An advertisement featuring a man running behind a vehicle breathing in exhaust fumes has been pulled as it would cause "widespread offence" to families affected by suicide.
The Hyundai television advertisement shows an athlete running on a treadmill while
breathing air coming directly out of what appeared to be the exhaust pipes of a Hyundai
The ad features a disclaimer saying it was "filmed under strict controlled conditions. Do not attempt this at home" appears for 5 of the 30 seconds but has been deemed poor taste by 34 people who laid a complaint with the Advertising Standards Authority.
The complainants raised several concerns including that was "insensitive to those who have lost loved ones from suicide" and was dangerous due to the risk of copy-cat behavior and that it was misleading because it implied it was safe to breathe car exhaust fumes.
Others said it was simply poor taste due to New Zealand's high suicide rate.
However, Hyundai rejected the claims and did not believe its advertisement was offensive or encouraged or condoned illegal or unsafe practices and had a clear safety emssage.
"Hyundai filmed the advertisement in a controlled environment, and included clear
safety messaging in the advertisement that ... the experiment should not be attempted at home.
"In addition to the safety message, Hyundai included in the voice over script a
statement that the Hyundai Nexo hydrogen-powered vehicle produces clean air.
"It was clear when looking at the image and hearing the voiceover, that the point of the advertisement was that the athlete was breathing in clean air, that allowed the athlete to continue to run.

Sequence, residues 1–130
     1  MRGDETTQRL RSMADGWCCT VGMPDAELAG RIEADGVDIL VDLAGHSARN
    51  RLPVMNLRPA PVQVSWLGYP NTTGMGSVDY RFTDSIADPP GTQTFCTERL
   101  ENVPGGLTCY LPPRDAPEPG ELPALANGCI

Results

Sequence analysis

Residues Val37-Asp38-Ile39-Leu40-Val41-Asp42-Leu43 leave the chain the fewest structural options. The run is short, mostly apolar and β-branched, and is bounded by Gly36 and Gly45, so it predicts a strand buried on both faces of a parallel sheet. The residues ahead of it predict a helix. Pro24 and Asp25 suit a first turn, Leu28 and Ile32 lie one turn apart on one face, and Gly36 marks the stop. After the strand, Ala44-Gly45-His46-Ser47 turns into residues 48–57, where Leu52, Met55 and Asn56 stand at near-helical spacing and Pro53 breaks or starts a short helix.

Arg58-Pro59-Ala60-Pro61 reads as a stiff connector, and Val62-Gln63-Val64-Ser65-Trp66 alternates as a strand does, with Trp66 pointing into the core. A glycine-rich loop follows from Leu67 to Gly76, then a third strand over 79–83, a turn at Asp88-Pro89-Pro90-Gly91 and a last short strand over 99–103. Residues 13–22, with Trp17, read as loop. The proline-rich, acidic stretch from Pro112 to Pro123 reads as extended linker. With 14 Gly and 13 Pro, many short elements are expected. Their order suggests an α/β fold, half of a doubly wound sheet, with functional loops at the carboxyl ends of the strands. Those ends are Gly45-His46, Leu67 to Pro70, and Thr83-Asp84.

"The advertisement is not offensive: it does not portray or imply personal harm in any
However, the complaints board disagreed and said the advertisement was "likely to cause widespread offence and portrays a situation which could encourage a disregard for safety".
"This is because it presents a well-known method used for committing suicide and suicide is acknowledged as a significant issue in New Zealand society."
The board also noted that the Hyundai Nexo, a hydrogen-powered vehicle, was "currently unavailable for purchase in New Zealand" according to the company's website.
Meanwhile, the ASA's board also ordered the New Zealand Aids Foundation to pull down a billboard at a site on an off-ramp of an Auckland motorway.
It was part of the Ending HIV programme and showed a man's face from the mid-chest up, with wording "I bring condoms. You bring lube. What's your rule?".
It also showed the URL "rulesofaf***buddy.com" with the word 'f***' obscured and the Ending HIV logo.
In response, the Foundation said using protection during sex with casual partners was an "integral compondent" of their programme and wanted to increase condom use.
However, the board found the identity of the Advertiser was not sufficiently clear for it to qualify as an advocacy advertisement
It said the use of provocative images and language in an unrestricted medium meant an increased risk of offence to an untargeted audience, which included young children.